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Carved & Inlaid Ivory Burmese Dha Handle

19th century

height: 17.3cm



UK art market

This dha or sword hilt has been carved from a single piece of ivory. The entire carved section of the hilt is made up of a bearded ogre peering through pierced foliage.

The ogre has two glass beads for eyes. A clear glass cabochon is inset into the front of the hilt, and a red cabochon has been inset to the back. Such insetting of glass or other materials in unusual.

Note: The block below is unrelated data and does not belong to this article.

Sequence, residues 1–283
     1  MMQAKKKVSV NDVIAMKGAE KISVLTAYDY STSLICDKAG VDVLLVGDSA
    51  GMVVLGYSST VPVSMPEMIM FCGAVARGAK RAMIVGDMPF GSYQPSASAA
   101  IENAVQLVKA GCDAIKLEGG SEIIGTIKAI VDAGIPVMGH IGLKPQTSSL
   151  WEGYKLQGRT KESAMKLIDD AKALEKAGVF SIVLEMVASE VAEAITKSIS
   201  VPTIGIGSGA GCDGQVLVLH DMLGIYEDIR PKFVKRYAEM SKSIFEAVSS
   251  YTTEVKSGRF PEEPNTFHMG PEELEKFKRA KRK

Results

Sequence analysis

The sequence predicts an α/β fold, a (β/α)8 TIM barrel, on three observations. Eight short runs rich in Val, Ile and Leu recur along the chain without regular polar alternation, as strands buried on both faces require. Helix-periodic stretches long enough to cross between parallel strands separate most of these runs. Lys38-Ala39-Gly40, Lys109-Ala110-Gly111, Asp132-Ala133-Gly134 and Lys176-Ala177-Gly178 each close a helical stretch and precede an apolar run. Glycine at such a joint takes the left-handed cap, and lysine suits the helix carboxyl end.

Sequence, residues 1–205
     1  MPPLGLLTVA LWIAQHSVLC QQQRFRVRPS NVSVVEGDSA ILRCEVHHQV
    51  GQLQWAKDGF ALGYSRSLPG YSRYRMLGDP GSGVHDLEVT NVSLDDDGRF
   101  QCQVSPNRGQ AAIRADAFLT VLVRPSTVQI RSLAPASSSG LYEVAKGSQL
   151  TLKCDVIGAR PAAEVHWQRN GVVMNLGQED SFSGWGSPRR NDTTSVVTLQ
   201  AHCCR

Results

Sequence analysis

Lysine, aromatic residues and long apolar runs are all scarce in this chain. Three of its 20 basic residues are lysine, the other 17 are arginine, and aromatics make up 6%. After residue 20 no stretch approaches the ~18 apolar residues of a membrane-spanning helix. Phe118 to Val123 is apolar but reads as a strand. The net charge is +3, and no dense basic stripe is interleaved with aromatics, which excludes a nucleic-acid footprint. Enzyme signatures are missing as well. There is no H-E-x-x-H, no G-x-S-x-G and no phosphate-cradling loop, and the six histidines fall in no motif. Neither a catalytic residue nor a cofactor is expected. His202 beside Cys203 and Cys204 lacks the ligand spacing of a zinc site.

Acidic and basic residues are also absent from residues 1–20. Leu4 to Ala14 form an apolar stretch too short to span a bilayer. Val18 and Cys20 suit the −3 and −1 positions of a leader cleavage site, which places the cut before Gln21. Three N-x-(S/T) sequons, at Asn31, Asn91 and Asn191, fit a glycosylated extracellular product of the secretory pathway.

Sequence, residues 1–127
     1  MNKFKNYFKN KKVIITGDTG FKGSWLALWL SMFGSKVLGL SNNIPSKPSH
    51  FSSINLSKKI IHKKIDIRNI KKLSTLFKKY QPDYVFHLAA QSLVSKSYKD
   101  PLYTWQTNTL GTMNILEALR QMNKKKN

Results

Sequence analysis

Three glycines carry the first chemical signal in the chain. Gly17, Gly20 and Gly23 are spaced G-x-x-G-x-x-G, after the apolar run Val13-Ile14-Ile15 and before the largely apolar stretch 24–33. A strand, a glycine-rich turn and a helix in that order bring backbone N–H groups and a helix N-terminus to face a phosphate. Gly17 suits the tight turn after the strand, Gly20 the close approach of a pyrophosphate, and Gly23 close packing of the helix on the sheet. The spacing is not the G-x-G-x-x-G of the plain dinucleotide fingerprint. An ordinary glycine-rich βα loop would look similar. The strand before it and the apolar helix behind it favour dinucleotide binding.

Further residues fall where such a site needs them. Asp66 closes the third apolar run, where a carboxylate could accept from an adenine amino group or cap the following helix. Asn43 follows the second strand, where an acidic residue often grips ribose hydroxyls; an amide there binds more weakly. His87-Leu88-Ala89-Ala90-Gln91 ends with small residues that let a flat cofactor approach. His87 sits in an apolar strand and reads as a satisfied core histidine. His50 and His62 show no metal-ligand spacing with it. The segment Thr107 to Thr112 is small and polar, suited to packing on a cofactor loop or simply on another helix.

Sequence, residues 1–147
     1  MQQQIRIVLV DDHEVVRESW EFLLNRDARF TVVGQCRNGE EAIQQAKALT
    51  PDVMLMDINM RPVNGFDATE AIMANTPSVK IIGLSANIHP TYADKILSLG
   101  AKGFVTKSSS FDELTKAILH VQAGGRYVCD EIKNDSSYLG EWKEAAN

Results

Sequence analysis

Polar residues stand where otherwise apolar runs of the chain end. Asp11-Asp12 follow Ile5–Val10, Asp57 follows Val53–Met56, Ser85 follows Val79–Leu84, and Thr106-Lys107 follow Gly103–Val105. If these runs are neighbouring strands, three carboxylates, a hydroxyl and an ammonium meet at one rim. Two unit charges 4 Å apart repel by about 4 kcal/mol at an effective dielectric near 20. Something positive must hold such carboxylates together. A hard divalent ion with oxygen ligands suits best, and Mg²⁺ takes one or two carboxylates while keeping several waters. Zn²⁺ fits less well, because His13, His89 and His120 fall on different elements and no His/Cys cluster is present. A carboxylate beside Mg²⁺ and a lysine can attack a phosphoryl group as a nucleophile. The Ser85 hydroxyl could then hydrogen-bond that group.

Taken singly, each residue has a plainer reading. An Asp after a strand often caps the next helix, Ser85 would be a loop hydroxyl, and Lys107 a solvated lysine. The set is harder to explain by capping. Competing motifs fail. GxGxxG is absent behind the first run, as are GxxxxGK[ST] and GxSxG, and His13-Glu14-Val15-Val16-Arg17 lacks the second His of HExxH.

The hilt has a curved line which matches the natural flow of the ivory tusk.

According to Fraser-Lu (1994, p. 114), although some ivory in 19th century Burma was imported from India and Africa, most local ivory carvers preferred to work with local ivory from the Shan states which was regarded has having a waxier consistency and was this easier to carve.

There are minor losses to the carving here and there. Overall, the hilt has a fine, yellow patina. The base has not been drilled to allow the insertion of a blade tang.


Fraser-Lu, S., Burmese Crafts: Past and Present, Oxford University Press, 1994.

Hales, R., Islamic and Oriental Arms and Armour: A Lifetime’s Passion, Robert Hale CI Ltd, 2013.

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